19 thoughts on “Christmas Light

  1. I like Christmas however; 30 days of it feels overwhelming to me. I just want to stay in bed and arise when it’s over. For those of us with small families and empty nests, I feel like everyone is having this wonderful time except me. Thank you for suggesting Christmas light. It is nice to know others want an alternative, too.

  2. Hi Faye! You hit the nail on the head: 30 days of it! And: “everyone is having this wonderful time except me.” Wrong! Most people are having a stressful time. The fantasy haunts us. Let’s value our own experiences and not fall for the fantasy. Let’s be gentle and generous with ourselves. Carry on!

  3. My husband and I,too,are trying to adjust to holiday changes. Both sons now have families and are starting family traditions that we are invited to fit into.This is a big change and so last year, we went to Santa Fe for 3 days prior to Christmas and enjoyed the season there complete with music and the falling snow. This year, we’ve planned an early January trip to NYC as a present to each other. We are keenly aware of how precious these years are to us and will adjust to young families, but will not give our good times away.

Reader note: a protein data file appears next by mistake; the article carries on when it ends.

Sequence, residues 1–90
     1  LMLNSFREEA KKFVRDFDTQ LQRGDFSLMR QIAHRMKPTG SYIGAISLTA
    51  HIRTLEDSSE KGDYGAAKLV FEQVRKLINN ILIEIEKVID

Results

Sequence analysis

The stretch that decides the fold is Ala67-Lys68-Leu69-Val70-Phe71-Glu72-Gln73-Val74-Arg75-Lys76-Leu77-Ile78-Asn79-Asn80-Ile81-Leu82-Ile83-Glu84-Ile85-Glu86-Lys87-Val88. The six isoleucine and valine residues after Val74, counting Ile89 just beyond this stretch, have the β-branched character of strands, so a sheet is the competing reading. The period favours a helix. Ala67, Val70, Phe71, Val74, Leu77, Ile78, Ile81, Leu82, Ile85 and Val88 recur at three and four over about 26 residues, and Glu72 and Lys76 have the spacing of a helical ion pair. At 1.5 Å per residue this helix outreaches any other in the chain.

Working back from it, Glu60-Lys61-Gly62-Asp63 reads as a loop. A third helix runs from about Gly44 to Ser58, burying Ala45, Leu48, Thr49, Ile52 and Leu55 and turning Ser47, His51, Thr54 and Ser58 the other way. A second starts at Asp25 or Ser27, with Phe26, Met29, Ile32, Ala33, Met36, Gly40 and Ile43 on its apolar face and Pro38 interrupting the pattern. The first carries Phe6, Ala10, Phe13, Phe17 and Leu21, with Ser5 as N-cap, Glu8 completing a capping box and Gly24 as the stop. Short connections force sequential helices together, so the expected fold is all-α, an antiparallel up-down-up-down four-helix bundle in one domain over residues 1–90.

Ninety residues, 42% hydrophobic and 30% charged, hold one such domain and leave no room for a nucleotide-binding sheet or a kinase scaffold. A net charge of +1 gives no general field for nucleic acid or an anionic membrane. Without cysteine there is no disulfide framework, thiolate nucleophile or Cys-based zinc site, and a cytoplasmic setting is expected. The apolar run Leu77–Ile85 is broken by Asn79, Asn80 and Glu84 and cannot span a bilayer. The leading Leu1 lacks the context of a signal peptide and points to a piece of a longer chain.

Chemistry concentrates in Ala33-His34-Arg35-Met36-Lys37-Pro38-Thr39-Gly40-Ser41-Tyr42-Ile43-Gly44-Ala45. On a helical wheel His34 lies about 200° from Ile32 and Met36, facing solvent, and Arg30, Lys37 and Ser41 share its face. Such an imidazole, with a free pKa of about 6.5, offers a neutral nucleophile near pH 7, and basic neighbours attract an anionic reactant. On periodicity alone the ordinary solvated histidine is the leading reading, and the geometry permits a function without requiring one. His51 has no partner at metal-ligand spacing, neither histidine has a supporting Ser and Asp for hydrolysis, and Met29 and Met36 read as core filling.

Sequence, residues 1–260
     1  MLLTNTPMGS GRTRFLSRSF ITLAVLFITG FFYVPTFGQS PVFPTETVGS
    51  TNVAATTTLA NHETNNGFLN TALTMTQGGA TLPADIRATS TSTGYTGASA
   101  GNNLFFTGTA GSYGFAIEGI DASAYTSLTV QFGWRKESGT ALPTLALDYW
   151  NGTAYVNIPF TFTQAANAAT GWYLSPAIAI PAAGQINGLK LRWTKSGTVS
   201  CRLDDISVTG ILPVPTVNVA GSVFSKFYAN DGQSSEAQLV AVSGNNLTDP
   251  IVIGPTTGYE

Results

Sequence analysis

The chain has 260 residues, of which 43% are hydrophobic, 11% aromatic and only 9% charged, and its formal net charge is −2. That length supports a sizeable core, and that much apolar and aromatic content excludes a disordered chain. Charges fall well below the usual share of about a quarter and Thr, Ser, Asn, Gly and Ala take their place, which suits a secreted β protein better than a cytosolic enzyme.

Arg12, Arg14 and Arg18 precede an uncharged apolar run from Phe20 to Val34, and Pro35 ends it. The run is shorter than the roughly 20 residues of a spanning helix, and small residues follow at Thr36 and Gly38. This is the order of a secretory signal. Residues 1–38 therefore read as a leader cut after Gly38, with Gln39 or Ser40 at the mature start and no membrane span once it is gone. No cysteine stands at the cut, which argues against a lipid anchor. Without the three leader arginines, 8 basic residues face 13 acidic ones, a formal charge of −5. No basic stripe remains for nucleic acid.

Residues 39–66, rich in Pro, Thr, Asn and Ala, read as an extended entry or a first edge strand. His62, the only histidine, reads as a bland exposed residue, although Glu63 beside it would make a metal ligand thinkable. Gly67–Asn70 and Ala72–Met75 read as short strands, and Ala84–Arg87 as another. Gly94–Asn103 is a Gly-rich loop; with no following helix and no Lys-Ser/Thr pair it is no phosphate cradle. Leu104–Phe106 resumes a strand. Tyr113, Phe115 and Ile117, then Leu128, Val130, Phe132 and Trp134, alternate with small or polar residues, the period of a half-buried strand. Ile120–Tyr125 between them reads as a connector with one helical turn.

4. Denice! Thank you for sharing your “adjustments.” I like that idea! How great that you’re changing things up and refreshing yourselves with Santa Fe and New York. You’re showing us it can be done.

  5. Christmas around here is also changing and at the same time not. I would happily sail through it with no plan, but this year the young grandchildren are aware and have been coming to visit, helping with decorations and apparently enjoying hanging out with me and the lights, the music and the gentle atmosphere. I’m not doing the abundant cooking I did in DECADES past. The big dinner will be at my daughter’s home as will the gift exchange on Christmas morning – a first. Yes, I’m on the outskirts and thinking I’m liking it. I still don’t feel I can not be here. Now, New Year’s Eve in a different story! I´m off to Puerto Aventuras in Riviera Maya.